Researchers have discovered most of the endangered western Purple-crowned Fairy-wrens living in a central Kimberley wildlife sanctuary have survived the historic flooding event which devastated the region earlier this year.
When the once-in-a-100-years floods hit the region, staff and researchers at the Australian Wildlife Conservancy’s Mornington-Marion Downs Wildlife Sanctuary were forced to evacuate by helicopter and to pause an 18-year study of the fairy-wren population.
When they returned to the sanctuary in May, Monash University reserachers discovered the Fairy-wren population had only slightly declined after the floods, recording just 14 less birds than in November 2022.
“About three quarters (74 per cent) of the adult birds that were present in a census of the population at the end of 2022 just before the floods are still alive now,” Monash University PhD student Ian Hoppe said.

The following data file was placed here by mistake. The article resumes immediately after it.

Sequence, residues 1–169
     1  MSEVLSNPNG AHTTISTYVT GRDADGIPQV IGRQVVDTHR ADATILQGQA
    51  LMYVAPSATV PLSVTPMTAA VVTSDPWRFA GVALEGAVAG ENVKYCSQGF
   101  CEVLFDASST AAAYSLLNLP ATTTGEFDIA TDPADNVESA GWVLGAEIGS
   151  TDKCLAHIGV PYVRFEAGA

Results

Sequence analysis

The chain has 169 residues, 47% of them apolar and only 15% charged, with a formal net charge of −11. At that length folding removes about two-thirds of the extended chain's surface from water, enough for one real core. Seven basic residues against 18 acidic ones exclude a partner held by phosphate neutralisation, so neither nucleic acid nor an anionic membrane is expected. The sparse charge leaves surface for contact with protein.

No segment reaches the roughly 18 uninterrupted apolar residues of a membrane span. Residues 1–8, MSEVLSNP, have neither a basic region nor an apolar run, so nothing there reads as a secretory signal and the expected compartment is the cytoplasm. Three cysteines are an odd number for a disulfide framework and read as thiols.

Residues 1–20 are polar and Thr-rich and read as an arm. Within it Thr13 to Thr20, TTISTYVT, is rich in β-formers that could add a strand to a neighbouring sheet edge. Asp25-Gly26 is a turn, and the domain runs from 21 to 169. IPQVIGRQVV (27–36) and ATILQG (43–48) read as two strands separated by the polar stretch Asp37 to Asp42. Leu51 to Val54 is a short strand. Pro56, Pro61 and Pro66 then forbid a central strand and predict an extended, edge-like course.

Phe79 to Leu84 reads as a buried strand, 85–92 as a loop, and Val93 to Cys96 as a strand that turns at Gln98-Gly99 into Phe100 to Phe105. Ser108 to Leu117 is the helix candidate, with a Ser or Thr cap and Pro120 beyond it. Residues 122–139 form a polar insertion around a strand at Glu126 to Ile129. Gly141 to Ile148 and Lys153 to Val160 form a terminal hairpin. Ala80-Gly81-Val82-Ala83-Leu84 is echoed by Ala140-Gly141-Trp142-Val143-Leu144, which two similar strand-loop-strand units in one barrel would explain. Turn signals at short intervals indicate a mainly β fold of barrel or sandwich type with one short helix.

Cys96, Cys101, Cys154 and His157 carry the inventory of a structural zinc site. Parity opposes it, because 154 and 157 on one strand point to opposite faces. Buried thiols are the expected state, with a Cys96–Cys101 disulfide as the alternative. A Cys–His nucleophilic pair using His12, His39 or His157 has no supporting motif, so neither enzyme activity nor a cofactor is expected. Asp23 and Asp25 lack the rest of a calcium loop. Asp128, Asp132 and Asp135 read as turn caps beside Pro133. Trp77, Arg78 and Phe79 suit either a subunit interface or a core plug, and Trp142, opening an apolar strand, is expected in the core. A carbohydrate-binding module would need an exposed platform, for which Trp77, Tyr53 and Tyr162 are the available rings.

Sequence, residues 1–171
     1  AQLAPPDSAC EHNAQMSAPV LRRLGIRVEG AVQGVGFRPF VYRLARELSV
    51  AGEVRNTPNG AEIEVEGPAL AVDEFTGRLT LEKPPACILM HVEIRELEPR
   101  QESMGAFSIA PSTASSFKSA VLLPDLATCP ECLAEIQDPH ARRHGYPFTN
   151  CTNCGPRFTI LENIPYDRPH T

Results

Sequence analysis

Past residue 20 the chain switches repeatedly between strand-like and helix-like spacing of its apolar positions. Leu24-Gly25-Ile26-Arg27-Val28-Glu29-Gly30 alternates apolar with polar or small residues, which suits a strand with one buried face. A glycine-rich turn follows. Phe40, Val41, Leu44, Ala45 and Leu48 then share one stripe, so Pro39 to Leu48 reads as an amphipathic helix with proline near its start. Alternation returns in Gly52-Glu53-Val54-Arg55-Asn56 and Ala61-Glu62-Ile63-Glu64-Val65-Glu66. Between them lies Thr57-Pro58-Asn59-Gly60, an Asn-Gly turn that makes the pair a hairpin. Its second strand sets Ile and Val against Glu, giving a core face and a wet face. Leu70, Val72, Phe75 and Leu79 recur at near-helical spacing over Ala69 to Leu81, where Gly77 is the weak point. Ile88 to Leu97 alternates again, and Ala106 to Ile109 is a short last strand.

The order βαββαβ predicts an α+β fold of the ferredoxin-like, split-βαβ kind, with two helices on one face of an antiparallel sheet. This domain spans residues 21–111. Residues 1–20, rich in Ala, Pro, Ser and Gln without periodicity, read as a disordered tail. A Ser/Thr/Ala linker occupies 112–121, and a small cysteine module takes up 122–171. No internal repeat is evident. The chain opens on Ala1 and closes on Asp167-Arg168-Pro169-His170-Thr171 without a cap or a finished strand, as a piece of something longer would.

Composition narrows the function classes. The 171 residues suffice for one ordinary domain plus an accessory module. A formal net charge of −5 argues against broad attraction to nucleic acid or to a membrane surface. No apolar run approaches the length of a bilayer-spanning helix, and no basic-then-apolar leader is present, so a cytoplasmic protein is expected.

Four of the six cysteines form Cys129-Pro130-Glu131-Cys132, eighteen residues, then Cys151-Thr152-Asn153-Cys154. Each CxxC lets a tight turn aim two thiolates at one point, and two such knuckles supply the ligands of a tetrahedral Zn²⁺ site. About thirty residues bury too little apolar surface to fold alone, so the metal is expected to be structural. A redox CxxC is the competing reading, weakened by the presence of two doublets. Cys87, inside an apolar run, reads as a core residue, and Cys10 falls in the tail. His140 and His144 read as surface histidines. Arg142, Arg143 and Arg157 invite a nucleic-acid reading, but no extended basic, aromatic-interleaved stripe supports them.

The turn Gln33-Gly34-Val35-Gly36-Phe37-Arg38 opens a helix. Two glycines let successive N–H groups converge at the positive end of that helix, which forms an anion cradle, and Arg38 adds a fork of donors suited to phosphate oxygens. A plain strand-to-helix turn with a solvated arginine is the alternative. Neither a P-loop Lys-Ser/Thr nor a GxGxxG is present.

“This survival rate is lower than we usually observe over the November to May time period, however it is not as devastating as we might have expected from such an extreme flood event.”
Researchers were also relieved to find 24 of the 67 breeding groups in the population had fledglings after all active nests had been washed away during the flood.
Multiple groups were also found to be breeding in May, one month after the end of the usual December to April breeding season.
“Although surprising to see that the birds are still breeding this late in the season, we’re not entirely shocked,” Monash University associate researcher Dr Niki Teunissen said.
“We have noticed that in wet years birds often keep breeding for longer. Presumably this is partly because in very wet years, floods frequently wash away nests and birds don’t breed successfully until later in the season.”
It comes after a 2020 Action Plan for Australian Birds identified increased flood frequency as a medium-level threat for the Purple-crowned Fairy-wren, which warranted further research as a high priority.